Just north of Double Island Point lies Fraser Island, the world’s largest sand island and a unique UNESCO World Heritage Site. There I checked into the Kingfisher Bay Resort, an upscale eco resort where you can enjoy all the thrills of staying in a rainforest at a safe distance from the I’m a Celebrity… creepy crawlies. High clearance four-wheel drives are the only vehicles suitable for exploring the island’s sandy tracks and in the morning I joined Scott, one of Kingfisher’s affable eco guides, on a bone-rattling tour of the island. A 75-mile long beach hugs the west coast of Fraser which is the only place in the world besides Barra where a beach is used as an official runway.

There, I jumped into a tiny twin prop Airvan for a thrilling 15-minute flight over the island, swooping low over the beautiful lakes that dot the island’s interior. The sand on Fraser Island acts as a giant filtration system and the water in these lakes is legendary for its clarity. I was keen to take a dip and later that afternoon we drew up at Lake Mackenzie, which Australians modestly describe as the most beautiful swimming pool in the world. I was surprised when Scott took out a thermos flask of coffee.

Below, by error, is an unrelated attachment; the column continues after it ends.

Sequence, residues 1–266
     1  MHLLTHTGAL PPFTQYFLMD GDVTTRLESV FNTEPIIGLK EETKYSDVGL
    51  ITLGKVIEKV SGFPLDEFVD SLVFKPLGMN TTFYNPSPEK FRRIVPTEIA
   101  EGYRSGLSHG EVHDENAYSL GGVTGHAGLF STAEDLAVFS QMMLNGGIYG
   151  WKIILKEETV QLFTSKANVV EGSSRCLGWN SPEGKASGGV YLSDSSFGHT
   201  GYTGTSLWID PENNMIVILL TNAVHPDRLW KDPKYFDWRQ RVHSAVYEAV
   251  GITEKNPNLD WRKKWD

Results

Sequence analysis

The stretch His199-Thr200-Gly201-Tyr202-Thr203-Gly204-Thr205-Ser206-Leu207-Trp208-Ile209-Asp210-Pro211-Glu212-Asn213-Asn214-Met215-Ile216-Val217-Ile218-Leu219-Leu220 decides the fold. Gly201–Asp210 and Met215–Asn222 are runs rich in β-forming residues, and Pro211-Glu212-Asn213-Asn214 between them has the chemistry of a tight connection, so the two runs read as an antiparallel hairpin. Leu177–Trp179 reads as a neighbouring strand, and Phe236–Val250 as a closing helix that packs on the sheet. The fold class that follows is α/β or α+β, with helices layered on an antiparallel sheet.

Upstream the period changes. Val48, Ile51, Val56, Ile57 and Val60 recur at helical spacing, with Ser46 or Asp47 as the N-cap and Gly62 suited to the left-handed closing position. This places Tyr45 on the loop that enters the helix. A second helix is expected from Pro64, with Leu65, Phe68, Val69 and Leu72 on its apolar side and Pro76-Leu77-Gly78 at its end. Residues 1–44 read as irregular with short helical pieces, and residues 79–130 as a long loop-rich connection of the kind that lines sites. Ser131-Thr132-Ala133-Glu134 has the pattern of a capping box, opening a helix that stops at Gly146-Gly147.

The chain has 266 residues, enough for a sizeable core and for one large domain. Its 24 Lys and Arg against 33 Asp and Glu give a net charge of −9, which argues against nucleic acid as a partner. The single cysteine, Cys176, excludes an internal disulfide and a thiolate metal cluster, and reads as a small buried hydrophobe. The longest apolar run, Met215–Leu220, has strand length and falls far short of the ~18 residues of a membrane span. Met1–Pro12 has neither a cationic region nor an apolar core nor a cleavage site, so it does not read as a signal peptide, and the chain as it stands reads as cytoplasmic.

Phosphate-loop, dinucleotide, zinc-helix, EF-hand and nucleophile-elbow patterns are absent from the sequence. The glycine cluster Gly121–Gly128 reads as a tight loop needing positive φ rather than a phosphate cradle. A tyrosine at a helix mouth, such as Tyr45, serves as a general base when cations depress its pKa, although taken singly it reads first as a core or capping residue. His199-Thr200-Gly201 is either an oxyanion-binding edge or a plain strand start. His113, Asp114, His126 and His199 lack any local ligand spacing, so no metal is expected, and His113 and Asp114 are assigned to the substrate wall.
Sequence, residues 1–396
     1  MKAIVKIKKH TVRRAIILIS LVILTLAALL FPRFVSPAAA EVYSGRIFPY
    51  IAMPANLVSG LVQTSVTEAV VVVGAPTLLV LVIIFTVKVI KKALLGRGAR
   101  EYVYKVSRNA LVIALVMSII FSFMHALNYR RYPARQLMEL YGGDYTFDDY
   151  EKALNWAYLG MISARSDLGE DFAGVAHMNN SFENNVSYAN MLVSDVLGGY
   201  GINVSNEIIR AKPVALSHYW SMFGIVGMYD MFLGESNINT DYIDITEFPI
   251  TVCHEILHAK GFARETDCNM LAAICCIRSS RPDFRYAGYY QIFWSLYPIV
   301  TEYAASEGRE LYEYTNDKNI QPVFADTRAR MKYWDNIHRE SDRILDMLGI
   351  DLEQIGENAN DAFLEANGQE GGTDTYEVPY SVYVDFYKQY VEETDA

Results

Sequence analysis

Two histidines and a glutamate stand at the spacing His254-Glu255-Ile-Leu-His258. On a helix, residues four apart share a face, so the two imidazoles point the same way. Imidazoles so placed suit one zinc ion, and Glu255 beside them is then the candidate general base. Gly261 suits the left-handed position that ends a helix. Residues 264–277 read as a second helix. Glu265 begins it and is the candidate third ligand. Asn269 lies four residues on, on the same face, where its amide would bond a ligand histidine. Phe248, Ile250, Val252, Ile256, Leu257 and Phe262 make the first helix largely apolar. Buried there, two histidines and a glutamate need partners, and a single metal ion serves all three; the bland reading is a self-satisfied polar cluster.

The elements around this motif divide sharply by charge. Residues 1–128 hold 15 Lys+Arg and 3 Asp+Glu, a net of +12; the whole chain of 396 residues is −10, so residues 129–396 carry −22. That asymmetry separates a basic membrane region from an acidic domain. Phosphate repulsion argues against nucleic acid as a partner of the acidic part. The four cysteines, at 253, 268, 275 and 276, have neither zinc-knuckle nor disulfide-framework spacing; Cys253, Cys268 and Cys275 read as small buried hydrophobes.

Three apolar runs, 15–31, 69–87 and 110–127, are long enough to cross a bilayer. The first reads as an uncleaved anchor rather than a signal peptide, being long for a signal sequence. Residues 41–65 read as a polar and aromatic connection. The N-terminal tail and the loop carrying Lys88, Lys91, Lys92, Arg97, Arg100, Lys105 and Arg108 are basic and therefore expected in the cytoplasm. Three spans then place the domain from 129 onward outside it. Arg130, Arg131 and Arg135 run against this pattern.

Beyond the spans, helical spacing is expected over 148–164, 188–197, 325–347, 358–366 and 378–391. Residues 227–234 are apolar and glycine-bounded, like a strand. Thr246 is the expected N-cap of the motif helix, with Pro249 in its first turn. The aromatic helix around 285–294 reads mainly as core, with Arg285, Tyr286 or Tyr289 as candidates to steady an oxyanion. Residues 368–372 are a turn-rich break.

“Aren’t you joining us for a swim?” I asked. “You must be joking mate, it’s bloody freezing,” he replied. Surrounded by dazzling white sands, the pale aquamarine lake was virtually deserted. The indigenous Butchulla people once believed that Fraser Island was K’gari, a handmaiden of the Gods. She was transformed into a paradise island and the jewel-like lakes were her eyes staring up to heaven.

Floating on my back in the translucent water, I felt that this was as close to heaven as I was ever likely to get.

For more information on Queensland visit and for the Nature Coast visit

Two-bedroom suites at Oceans Mooloolabla start at Aus $446/£211 per night,

Double rooms at Kingfisher Bay Resort start from Aus $148/£70 per night,

Cabins at Lady Elliot Eco Resort start at Aus $150pp/£71 per night,